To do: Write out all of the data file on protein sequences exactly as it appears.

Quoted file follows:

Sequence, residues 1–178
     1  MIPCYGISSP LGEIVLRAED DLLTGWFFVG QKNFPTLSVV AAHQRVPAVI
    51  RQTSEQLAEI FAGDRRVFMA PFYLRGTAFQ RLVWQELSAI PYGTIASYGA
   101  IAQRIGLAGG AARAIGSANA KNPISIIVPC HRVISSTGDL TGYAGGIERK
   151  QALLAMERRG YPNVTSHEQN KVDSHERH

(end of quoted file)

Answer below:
Sequence, residues 1–178
     1  MIPCYGISSP LGEIVLRAED DLLTGWFFVG QKNFPTLSVV AAHQRVPAVI
    51  RQTSEQLAEI FAGDRRVFMA PFYLRGTAFQ RLVWQELSAI PYGTIASYGA
   101  IAQRIGLAGG AARAIGSANA KNPISIIVPC HRVISSTGDL TGYAGGIERK
   151  QALLAMERRG YPNVTSHEQN KVDSHERH